The Witches and EsQuire at the Lager House, Detroit
February 14, 2003
There was something more than a little bit incongruous about the dilapidated hep of Detroit’s Lager House being swathed in pink ribbons and balloons for a ‘Valentine’s Day Eggstravaganza.’ It was like Bluto in a tutu. But if anyone can get away with such blatant disregard for street cred, it’s Detroit’s OTHER honkey rapper, EsQuire. Together with the Witches, EsQuire turned the Lager House into a beer-soaked love nest on Friday night.
Following a goofy vamp from the fingers of DJ Deviant on the wheels of steel, EsQuire slithered onstage flanked by his ever-present posse of go-go dancers. Drink in hand, coif in place, and surrounded by pink crepe paper, EsQuire was David Hemmings in Blow-Up cross-pollinated with Corky St. Clair. Spitting out the raps of “I’m Too Good For This,” Q was every bit the jaded performer, baiting, loving, and hating the audience all at once. It’s an act, for sure. But Deviant’s beats are fly, and EsQuire really can rap. That’s the genius in the act – it’s a sex romp, rap show, and In Like Flint gag reel all at once. Sidling into the groove of “Boy Who Invented Rap,” EsQuire had the Lager House crowd in full lather. It’s too bad that the rank fog of 200 cigarettes obscured the stage during “Party In Detroit,” because the go-go dancers’ shit-hot dance moves were setting crepe on fire.
Like Peaches, Hawney Troof, Taylor Savvy, and Stereo Total, EsQuire is preaching the politics of dancing to the eager ears of indie rockers. But we all know indie rockers can’t dance, so what’s up? It could be that by this point, the clichés of hip hop and dance music have become so culturally ingrained, that by placing them in a different context these artists become new again. Or maybe it’s a trip, it’s got a funky beat, and you can dance to it. Either way, EsQuire’s got the goods. He leaves the posturing vulgarity to Peaches and the gender-bending irony to Troof. He lets Savvy get the ladies and accepts Stereo Total as the icy cool Europeans that they are. For himself, he saves DJ Deviant’s addictive production work; a cadre of dancing girls; funny, brazenly on-point raps; and – of course – a brandy and a Xanax. See the boy who invented rap now, before he hosts the next Victoria’s Secret fashion show and gets his own variety program on Telemundo.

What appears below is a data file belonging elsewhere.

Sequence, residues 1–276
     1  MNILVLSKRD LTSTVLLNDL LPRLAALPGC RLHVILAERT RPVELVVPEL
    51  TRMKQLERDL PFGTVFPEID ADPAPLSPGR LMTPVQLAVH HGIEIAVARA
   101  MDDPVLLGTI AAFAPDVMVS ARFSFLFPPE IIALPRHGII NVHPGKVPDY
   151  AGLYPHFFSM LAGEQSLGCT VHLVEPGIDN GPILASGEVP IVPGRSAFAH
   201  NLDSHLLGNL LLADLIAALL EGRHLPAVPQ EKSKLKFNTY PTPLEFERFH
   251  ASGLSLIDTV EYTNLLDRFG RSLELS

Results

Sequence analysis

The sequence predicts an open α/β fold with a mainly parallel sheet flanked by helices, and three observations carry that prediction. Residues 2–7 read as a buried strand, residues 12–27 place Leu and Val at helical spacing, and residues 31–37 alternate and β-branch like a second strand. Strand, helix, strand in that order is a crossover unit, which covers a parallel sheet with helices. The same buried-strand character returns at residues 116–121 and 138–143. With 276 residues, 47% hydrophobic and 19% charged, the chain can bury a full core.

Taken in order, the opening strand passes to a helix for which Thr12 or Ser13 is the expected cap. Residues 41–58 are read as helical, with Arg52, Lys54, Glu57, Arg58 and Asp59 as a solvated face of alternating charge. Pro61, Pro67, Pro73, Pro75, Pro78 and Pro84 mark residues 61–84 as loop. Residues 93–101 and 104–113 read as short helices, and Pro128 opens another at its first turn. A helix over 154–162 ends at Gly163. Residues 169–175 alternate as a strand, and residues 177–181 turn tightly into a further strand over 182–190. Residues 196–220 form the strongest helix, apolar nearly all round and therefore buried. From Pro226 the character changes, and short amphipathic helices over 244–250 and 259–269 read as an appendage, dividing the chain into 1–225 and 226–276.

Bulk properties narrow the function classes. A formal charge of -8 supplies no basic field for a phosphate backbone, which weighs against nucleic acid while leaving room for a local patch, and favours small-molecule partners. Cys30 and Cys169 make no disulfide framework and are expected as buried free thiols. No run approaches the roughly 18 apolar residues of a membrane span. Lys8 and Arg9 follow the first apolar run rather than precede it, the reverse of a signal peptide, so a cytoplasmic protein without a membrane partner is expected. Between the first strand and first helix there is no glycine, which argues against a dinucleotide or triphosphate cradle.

If EsQuire taught the crowd how to work it, then the Witches went to work. A Detroit four-piece with soul to spare, the Witches are led by the seductive growl of Troy Gregory. Given that the room was still draped in crepe and hearts, it took some doing on Gregory’s part to lasso the crowd’s attention. But once his onstage shimmy had roped their heartstrings, the Valentine’s Day crowd responded with the groove left over from EsQuire elaborate party trick. The sweaty jams on the Witches’ On Parade (Fall of Rome) are the sounds coming from the backseat of a LTD parked on a dark street. Like a girl in leather pants, “Luv’d Wrong” hooks you with the promise of what’s beneath, while “Everything Been Cool” is like Iggy Pop’s “Wild One” on the wrong speed, or “You Really Got Me” heard through the wall of a cheap motel. So even if the Witches didn’t have EsQuire’s cheeky rhythms on Friday night, they had sexy shit to spare. It’s true: women were seen holding cold cans of Pabst to their bosoms.
There’s 1,500 miles of interstate 75 between Detroit and steamy south Florida, and you can travel each one inside a set by the Witches. The sweat, darkness, and frazzled worldview of their songs is evocative not only of Detroit, but New Orleans or Memphis as well. It’s not clear whether the Witches will (or even want to) benefit from the sudden, sizzling interest in Detroit’s bustling music scene. They certainly deserve to. In the meantime, their Velvets-inspired drone and twisted take on 60s pop will be witnessed at shows like Friday night’s, when people looking for love in all the wrong places found themselves standing in the best place possible. Who knew pink crepe paper could add so much to rock and roll?